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Monday, April 16, 2012

Negatives

Negatives

In grammar, a negative word expresses the absence of something. If I say, "I have no flour for the cookie dough," I am telling my reader about the absence of flour in my pantry. This is called a negative statement.

In grammar, as in math, two negatives make a positive. If I say, "I hardly have no flour for the cookie dough," I've used two negatives, hardly and no, to explain the condition of flour in my pantry. This is called a double negative. My sentence becomes a positive statement, indicating to my reader that I do indeed have flour in my pantry.

In English grammar, two negative words should never be used in the same sentence to refer to same thing.

Negative words include:
no
none
nobody
not
nothing
nowhere
no one
hardly
barely
scarcely
neither
 . . . and in Georgia, nairn, as in the standard double negative, I ain't got nairn, which southerners innately understand to mean, I don't have any.

What double negatives are commonly accepted in your local vernacular?

Tomorrow: Objects

This post is brought to you by the April A to Z Blog Challenge. Check back all through April for daily discussions of writing conventions.

14 comments:

David M. Brown said...

Hey Lucy,

Great post. I write novels whenever i get the chance so it's always good to keep grammar and thing fresh in my mind.

Good luck with the rest of the challenge. You're doing great so far :)

Michelle Pickett said...

As a writer grammar is something I'm always studying. I appreciate the list of negative words. Thanks for sharing.

I look forward to tomorrow's post!

Michelle :)
www.michelle-pickett.com/blog

From A to Z Challenge

Lucy Adams said...

Thank you Davide and Michelle.

Sandra Tyler said...

like the negatives, from one writer to another. And especially like and agree with your comment on my neglectful post -- yes, ignoring your children is healthy. Amazing how many helicopter parents forget that. I should rewrite that post to make clear I am not one of them!

Changes in the wind said...

Thanks for stopping in and leaving a comment and I had never thought of it in you perspective but....think you are right:)

Dana said...

Nice post. I love that you're writing about grammar. Developmental English, which dealt primarily with grammar, was my favorite class to teach when I was working outside the home.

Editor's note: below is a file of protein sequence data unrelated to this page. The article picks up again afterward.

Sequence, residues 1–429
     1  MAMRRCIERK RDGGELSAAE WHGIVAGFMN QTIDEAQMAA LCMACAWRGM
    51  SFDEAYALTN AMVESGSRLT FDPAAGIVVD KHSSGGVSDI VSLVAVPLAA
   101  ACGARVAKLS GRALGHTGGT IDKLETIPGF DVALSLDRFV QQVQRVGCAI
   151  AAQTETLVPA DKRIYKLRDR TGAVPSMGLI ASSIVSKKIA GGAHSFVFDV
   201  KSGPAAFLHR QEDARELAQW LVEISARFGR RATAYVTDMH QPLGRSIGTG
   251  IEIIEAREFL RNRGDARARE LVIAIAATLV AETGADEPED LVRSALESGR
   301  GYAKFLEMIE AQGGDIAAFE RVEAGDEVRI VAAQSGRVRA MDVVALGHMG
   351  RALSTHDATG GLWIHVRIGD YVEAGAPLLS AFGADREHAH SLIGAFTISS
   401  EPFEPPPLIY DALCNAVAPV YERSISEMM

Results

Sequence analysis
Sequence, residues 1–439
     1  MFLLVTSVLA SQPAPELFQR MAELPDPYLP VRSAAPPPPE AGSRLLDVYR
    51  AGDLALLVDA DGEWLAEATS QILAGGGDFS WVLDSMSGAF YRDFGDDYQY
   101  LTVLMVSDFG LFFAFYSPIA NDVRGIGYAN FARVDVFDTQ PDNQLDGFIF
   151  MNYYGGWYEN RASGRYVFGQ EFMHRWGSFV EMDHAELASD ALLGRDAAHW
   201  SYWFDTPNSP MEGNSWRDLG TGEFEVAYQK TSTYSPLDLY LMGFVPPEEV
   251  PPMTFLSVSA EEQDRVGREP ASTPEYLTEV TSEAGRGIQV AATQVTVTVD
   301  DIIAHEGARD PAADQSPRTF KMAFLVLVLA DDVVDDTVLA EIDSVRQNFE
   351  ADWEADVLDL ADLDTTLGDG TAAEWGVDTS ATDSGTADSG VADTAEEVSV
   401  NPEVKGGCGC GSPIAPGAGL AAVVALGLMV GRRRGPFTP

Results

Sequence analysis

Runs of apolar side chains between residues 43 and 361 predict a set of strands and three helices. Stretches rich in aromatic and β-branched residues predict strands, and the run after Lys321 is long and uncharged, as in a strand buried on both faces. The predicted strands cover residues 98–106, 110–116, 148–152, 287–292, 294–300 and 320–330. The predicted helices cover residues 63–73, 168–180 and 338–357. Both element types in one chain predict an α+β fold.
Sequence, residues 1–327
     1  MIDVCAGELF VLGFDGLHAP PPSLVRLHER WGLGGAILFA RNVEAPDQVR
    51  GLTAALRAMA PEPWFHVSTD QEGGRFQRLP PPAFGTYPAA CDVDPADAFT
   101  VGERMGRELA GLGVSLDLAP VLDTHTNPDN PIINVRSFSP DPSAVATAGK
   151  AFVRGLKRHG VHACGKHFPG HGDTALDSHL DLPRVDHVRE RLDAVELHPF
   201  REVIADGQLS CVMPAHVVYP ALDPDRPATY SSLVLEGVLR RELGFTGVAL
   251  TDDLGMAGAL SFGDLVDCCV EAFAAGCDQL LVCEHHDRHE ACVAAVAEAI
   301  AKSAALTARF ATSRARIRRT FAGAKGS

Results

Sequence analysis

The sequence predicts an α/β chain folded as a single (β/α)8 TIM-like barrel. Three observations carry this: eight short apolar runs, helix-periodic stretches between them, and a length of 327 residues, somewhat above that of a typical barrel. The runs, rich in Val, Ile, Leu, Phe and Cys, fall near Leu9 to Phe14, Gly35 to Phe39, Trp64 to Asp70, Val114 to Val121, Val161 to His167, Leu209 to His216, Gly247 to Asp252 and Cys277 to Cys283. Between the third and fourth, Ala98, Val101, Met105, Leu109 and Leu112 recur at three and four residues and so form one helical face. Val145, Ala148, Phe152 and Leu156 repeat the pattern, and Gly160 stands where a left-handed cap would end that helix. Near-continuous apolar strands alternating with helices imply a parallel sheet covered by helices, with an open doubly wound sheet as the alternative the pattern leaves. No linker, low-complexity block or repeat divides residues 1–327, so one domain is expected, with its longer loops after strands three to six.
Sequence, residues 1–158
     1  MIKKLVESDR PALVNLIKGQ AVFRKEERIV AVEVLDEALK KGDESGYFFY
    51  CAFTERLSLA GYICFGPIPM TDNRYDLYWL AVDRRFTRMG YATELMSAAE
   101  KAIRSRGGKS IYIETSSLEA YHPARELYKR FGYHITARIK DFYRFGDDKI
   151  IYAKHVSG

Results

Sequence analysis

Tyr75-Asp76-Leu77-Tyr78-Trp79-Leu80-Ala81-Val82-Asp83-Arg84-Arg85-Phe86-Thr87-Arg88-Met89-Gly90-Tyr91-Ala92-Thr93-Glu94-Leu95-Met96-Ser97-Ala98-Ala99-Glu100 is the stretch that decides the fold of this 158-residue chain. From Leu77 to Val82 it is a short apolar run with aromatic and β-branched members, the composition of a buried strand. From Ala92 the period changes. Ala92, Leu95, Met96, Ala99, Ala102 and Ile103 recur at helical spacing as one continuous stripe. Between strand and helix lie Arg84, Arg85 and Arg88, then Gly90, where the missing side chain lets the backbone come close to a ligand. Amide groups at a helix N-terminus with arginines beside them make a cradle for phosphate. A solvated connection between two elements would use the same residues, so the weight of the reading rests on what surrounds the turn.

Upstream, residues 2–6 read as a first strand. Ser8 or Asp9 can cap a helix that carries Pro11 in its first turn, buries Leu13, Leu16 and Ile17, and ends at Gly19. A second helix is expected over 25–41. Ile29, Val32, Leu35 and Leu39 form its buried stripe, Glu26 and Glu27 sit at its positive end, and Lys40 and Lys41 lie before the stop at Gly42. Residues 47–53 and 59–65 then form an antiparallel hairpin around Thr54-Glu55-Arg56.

Petra said...

Grammar is becoming a lost art. Hence, I'm thankful for a good reminder!

Thanks for the visit!

Ruth said...

Double negatives drive me nuts. "I don't got nothin'." is one I hear a lot.
Thanks for stopping by my blog.

welcome to me

yummy stuff

Paula Martin said...

Good list of negatives. Must admit one of my bugbears is when a negative is omitted as in 'I could care less' which is used instead of 'I couldn't care less' even though it means exactly the opposite.

Cindy Dwyer said...

Oh God, yes. I cringe when someone says "I could care less".

Jo said...

One of my bugaboos isn't a double negative, but when people say, or write, 'could of' when they mean could've or in reality could have. Drives me crazy, particularly when I see it written. Double negatives seem to be very much a part of speech today though. Glad you are reminding people, but I am not sure the people who need reminding are reading our blogs.

Christine Rains said...

I've never heard of nairn. We're just plain Midwesterners around here. And within my small group of friends, a double negative would immediately be pounced upon by the grammar police!

William Kendall said...

I haven't heard of nairn either!

Lucy Adams said...

Nairn of y'all has ever heard of nairn? (It's a singular pronoun, too, btw.)

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